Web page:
Tag Archives: bomb site

The Central Telegraph Office as I knew it

Jim (Dusty) Miller, who was a Messenger/Young Postman at the Central Telegraph Office from 1946-1950, recently visited the Royal Mail Archive and was kind enough to write down his memories. In this, his final article, he tells us what he remembers of the Central Telegraph Office.

The Central Telegraph Office (CTO) was located on the corner of Newgate Street and St Martin’s Le Grand. It was originally five stories high but was reduced to one as a result of the bombing during the 1940 blitz. A second, brick built, story was added in 1946/7. This floor was used to re-house much of the admin staff such as the typing pool, Chief Inspector of Messengers, etc.

Central Telegraph Office - bomb damaged interior, 1941 (POST 118/5169)

Central Telegraph Office – bomb damaged interior, 1941 (POST 118/5169)

The Central Telegraph Office exterior, decorated for King George V Silver Jubilee, 1935 (POST 118/1130)

The Central Telegraph Office exterior, decorated for King George V Silver Jubilee, 1935 (POST 118/1130)

The function of the CTO was to act as a clearing house for both inland and overseas telegrams. It was connected to most major cities in the world by teleprinter (the forerunner of the fax machine). It was also linked to almost all of the central London post offices by a pneumatic tube. By placing a telegram awaiting despatch into a container, that resembled a 25lb shell case covered in felt like material, it was possible to send the telegram via an underground tube direct to the CTO or the smaller tube officer located in the basement of King Edward Building, for despatch. Alas most of this system was destroyed during the war, although a large part was reinstated when the roads were repaired during the rebuilding of inner London.

Plaque giving instructions for operating Pneumatic Tubes (2002-0376)

Plaque giving instructions for operating Pneumatic Tubes (2002-0376)

Just across the road from the CTO was another building. This building was almost as big as the CTO and was known as Angel Street. This building was connected to the CTO by a bridge built at the second floor level. The function of this building was to provide rest rooms, locker rooms and a restaurant for the many staff employed at the CTO. These facilities were needed as many of the staff worked split shifts and were required to work, say, from 7am to 11am, then they would be required again until 2pm when they would work until 6pm. This building was also badly damaged at the same time as the CTO. The surviving part was used to provide a ground floor restaurant whilst the upper two floors were used as locker/rest rooms for the messengers and girl probationers (the equivalent of the boy messengers). The remaining areas, because it contained undamaged basements and sub basements was asphalted over and used as air raid shelters. It was locked-up when the war ended and never re-opened.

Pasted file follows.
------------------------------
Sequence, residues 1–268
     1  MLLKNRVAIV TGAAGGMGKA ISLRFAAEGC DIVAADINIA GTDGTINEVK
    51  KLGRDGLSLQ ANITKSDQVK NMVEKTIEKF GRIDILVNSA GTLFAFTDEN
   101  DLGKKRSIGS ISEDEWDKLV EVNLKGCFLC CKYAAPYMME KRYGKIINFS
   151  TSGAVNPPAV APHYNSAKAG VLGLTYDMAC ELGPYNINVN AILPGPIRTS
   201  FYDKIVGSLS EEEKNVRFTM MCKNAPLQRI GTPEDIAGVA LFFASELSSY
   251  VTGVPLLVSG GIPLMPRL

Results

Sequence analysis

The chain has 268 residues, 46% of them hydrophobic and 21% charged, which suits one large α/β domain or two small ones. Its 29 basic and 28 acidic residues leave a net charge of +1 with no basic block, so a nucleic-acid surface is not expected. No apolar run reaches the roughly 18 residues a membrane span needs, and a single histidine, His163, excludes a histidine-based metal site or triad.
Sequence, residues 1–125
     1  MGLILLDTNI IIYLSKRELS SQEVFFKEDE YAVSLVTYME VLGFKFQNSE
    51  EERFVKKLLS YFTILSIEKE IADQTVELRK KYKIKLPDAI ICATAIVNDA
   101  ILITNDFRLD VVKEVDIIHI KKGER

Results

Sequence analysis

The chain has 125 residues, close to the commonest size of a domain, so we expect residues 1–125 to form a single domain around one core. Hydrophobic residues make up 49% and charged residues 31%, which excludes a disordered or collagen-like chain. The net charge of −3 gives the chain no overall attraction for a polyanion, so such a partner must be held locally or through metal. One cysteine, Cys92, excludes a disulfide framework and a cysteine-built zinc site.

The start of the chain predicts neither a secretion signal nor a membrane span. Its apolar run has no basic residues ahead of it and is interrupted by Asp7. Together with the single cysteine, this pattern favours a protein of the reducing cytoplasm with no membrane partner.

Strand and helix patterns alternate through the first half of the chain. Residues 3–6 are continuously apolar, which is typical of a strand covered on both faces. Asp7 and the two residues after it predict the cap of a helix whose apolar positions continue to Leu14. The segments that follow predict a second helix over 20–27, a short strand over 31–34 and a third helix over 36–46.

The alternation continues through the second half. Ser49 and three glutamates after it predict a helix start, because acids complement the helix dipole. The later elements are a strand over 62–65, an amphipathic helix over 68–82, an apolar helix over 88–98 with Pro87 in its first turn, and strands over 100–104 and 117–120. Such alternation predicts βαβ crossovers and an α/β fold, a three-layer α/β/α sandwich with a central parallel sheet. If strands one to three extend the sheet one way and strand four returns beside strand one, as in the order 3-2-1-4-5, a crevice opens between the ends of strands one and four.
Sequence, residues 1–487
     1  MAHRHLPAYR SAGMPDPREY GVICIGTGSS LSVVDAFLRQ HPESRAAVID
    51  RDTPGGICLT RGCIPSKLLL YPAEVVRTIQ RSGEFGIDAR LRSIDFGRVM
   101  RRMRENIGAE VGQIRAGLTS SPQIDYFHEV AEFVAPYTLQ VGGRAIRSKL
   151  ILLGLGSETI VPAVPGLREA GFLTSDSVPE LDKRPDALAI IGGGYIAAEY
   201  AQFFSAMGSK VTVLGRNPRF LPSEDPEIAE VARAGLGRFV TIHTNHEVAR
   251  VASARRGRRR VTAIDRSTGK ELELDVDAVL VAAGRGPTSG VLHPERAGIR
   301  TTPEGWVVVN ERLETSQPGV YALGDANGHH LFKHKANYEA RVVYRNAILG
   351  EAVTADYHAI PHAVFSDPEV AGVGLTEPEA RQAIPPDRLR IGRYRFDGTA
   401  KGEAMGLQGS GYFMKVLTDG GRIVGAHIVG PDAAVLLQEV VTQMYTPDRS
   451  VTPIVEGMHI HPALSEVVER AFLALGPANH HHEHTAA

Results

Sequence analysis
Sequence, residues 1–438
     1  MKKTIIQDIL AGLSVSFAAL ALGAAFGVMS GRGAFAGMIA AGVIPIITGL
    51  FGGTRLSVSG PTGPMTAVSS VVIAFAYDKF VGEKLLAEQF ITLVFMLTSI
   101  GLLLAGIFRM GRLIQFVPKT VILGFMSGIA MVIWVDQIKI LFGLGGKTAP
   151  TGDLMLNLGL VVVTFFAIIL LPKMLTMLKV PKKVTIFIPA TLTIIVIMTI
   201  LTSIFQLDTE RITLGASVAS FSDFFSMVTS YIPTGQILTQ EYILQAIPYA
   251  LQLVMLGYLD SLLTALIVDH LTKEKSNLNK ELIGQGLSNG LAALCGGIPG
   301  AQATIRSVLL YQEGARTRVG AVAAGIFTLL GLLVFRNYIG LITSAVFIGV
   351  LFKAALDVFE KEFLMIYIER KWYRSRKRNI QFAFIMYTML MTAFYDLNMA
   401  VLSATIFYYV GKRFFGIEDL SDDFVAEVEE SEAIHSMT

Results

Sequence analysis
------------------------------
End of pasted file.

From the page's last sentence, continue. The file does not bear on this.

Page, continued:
The CTO was connected to the other three local buildings by underground passages and despite the damage suffered during the war it was still possible to use this method of contact.

The CTO was finally demolished in 1967. When the site was being prepared for redevelopment a large Roman mosaic floor was discovered. During the subsequent excavation a Roman burial ground was also uncovered. The Romans wrapped the bodies in a form of straw matting and placed them into slots in the wall as their final resting place…

I thought at the time how ironical it was that people should shelter from the bombs in a burial ground.

Phoenix Place – the last undeveloped WW2 bomb site?

by Anna Flood, Archivist (Cataloguing)

Opposite the BPMA’s entrance in Phoenix Place is a rundown area of open space currently used as a car park for employees of the Mount Pleasant sorting office. This is how it looks on Google Street View.

There is some speculation, including on Flickr, about the car park’s significance as one of the last undeveloped World War II bomb sites in central London. Since we have lots of plans, maps and photographs in our collections relating to Post Office and Royal Mail property in London, I wanted to see if I could find any evidence that the rumour is actually true.

Immediately I discovered it isn’t. You can see from the photograph below that pre-war buildings were still standing in Phoenix Place in the 1960s.

Photograph of Phoenix Place, looking south towards what is now the BPMA on the left, c.1960